Andrew “Pappy” Paxton, the Chiefs leader, is settling into college life at Bainbridge, a small liberal arts university in Indiana. He notices that quite a few of the guys there were “taking advantage of the college exemption from the draft” for the Vietnam War, which is at its height—but Andrew and his friends, and everyone else on campus, are cloistered away in the bubble of college classes and social activities.
The Vietnam had engulfed the country. Nixon was President; troop strength was at the highest; and there was no end in sight. Yet in the insulated world Bainbridge, the students’ days focused on classes, attending parties, making friends, and playing sports.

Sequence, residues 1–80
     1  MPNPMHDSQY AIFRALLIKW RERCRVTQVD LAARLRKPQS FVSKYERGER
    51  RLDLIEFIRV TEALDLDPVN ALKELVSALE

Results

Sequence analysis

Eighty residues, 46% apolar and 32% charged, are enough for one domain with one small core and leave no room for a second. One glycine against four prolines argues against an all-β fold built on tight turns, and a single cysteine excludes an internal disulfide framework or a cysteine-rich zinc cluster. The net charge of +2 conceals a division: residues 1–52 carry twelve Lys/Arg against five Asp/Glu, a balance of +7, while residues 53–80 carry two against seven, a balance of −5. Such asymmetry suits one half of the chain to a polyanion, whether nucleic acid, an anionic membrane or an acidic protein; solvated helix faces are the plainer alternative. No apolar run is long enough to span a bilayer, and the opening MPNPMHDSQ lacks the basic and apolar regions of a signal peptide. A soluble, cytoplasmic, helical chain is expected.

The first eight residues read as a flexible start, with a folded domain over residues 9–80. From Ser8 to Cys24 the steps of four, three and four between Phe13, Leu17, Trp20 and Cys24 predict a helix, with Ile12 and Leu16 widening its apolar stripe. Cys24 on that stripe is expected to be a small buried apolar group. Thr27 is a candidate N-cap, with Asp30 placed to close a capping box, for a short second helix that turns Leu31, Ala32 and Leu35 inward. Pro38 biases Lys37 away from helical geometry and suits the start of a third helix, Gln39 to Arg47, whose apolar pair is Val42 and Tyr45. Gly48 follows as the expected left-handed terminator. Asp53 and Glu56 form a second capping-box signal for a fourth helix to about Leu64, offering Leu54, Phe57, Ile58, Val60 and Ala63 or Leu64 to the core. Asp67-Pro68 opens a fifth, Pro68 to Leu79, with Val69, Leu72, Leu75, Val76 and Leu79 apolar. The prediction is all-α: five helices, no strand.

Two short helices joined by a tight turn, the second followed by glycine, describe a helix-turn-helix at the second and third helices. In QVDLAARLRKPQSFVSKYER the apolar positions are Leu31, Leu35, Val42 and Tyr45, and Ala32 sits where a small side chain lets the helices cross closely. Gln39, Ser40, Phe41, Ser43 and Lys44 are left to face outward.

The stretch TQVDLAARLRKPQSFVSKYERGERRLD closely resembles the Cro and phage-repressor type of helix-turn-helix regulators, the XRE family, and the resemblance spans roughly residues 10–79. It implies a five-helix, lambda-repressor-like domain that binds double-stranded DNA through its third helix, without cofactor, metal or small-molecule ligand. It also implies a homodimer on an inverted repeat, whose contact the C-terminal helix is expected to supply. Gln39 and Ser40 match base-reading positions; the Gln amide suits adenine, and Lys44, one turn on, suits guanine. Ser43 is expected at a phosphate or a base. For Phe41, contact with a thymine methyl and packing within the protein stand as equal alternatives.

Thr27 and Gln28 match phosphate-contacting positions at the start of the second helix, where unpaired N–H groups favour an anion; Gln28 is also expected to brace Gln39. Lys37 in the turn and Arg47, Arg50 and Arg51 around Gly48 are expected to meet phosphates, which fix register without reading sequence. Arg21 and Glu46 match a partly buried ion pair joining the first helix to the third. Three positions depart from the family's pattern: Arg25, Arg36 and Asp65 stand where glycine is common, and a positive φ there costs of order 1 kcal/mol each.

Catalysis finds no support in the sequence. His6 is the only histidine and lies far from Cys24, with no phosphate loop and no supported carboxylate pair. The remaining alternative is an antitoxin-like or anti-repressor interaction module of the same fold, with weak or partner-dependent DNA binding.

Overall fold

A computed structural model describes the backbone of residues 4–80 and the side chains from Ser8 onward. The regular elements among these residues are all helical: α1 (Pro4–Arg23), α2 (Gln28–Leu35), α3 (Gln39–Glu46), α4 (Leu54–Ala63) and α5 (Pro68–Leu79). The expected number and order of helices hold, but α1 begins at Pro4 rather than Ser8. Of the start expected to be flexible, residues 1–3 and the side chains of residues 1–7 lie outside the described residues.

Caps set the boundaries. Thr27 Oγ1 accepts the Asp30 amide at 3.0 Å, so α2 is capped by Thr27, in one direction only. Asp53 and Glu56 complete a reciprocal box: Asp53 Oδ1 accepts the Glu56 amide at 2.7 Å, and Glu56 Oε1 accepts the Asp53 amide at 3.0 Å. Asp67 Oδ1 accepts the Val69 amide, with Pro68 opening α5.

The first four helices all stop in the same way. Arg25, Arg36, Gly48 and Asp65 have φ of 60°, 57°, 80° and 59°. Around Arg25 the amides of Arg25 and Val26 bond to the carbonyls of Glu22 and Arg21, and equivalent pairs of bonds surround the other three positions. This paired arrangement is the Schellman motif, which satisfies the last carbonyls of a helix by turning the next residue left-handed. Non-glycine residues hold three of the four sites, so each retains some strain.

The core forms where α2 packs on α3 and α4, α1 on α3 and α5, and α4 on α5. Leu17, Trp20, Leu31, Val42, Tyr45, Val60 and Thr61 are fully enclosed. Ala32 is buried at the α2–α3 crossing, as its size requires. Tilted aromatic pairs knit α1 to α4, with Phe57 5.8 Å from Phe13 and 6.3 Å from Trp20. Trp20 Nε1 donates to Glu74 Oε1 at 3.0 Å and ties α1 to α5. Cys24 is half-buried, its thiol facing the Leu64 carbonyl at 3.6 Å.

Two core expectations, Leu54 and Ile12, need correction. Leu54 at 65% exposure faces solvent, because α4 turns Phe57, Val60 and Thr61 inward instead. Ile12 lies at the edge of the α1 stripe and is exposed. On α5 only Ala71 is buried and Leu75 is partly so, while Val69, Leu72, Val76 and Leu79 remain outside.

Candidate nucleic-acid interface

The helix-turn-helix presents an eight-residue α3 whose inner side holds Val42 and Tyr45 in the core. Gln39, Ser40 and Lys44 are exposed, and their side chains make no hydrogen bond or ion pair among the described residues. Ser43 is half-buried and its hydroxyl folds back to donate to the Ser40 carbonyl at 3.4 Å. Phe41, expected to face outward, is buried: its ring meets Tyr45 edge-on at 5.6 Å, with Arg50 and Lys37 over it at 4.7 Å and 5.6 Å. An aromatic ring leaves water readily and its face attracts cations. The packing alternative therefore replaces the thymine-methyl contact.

For the Chiefs, their current greatest collective concern was which fraternity to join. As homogenous as the five seemed, their individual personalities would eventually split them between two houses. But for now, there was the ego-boosting courtship and the endless string of parties.
Barrett and Pappy were establishing a routine. Both studied while listening to music. Barrett fielded at least three phone calls from girls each night. Ten o’clock meant study break at the Union, and then a quick swing through the library to see if there was any action. Letters to family and friends rounded out the day. Luckily, neither snored.
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